Bill Woodrow, R.A. 1948 -
Photo: R.A./Paul Highnam
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Fingerswarm, 2000
bronze with gold leaf, 580 X 350 X 310 mm
Cast made by AB Fine Art Foundry.
Diploma Work given by Bill Woodrow, R.A., accepted March 2008
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Bill Woodrow's Fingerswarm evokes a variety of responses from the viewer. The piece represents a balance of literal and abstract expressions. As a result, Fingerswarm's meaning evolves as more time is spent with it. Initially, one is lured in by its shiny exterior, or perhaps by an attraction to the gold-leaf covering the outside, causing it to glimmer. However, on closer examination other things become more noticeable, and more sinister qualities are revealed that seem in opposition to its outward appearance. Fingerswarm is unified by the gold, but also is individualized and as a swarm of bees on a hive.

The reference to something living adds to Fingerswarm's sense of warmth. However, the contrast between the warmth of the main body and the coolness of its supporting structure also becomes distracting. The contradiction between hot and cold forces the eye to examine the base and recognize the structure as human fingers, one of which is immersed in a pot. A sense of unease is created by the awareness that this piece has a potentially sinister quality.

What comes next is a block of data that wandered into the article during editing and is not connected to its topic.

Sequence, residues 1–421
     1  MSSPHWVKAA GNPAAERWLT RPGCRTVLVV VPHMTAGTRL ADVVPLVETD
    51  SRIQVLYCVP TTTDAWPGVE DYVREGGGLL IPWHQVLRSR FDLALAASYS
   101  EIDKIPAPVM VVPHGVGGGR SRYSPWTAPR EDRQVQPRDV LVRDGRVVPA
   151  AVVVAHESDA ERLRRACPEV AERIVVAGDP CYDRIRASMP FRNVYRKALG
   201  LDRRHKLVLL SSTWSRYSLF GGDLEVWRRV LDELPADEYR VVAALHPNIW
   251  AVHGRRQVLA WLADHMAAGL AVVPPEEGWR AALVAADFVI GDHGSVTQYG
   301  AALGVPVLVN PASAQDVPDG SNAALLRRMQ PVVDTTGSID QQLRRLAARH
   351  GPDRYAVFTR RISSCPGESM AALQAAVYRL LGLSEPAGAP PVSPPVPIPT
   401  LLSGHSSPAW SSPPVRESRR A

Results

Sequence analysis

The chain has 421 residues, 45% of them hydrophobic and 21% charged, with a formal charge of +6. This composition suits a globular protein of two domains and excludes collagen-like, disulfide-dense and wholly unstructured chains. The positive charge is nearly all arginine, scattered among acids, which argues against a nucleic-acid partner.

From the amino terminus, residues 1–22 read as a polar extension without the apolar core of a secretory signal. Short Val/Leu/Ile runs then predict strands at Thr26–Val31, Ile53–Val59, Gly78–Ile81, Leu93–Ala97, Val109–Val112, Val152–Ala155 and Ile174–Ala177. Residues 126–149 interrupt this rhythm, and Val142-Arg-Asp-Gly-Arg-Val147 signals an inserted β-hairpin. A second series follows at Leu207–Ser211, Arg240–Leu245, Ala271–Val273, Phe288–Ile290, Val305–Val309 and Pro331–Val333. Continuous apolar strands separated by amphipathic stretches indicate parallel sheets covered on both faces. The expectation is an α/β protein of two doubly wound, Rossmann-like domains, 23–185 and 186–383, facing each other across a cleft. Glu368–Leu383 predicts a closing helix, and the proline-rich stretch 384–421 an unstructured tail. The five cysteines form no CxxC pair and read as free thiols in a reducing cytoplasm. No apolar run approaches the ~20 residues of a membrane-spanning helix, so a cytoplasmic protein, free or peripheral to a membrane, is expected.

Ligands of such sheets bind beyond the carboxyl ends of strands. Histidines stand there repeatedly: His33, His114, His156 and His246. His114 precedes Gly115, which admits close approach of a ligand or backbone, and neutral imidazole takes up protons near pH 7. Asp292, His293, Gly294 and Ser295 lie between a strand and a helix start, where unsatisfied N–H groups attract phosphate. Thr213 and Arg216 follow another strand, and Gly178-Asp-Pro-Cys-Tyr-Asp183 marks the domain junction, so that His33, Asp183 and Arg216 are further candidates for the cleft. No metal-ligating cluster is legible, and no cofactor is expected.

Fingerswarm is part of Woodrow's thematic series The Beekeeper. Like other works in the series, Fingerswarm has a variety of interpretations and meanings. In one moment sinister, in another as a potential positive life-force. Taken literally, one may begin thinking of the adage 'the finger in the honey pot' which may lead to an analysis of the work as a symbol or statement about consumerism. On the other hand, Fingerswarm also illustrates the symbiotic relationship between bees and humans, which is a theme that recurs in The Beekeeper series. The possibilities of interpretation are seemingly endless.

From November 2001 until January 2002, Fingerswarm was featured in the exhibition 'Close Encounters of the Art Kind' at the Victoria and Albert Museum. The exhibition explored how contemporary sculpture functioned in the homes of ordinary people. The householders hosted each work for a period of time and recorded their reactions and interpretations. The hosts were not given any artist information or the work's title so their experiences would not be influenced by outside information.

The information is documented on: the Victoria & Albert Museum website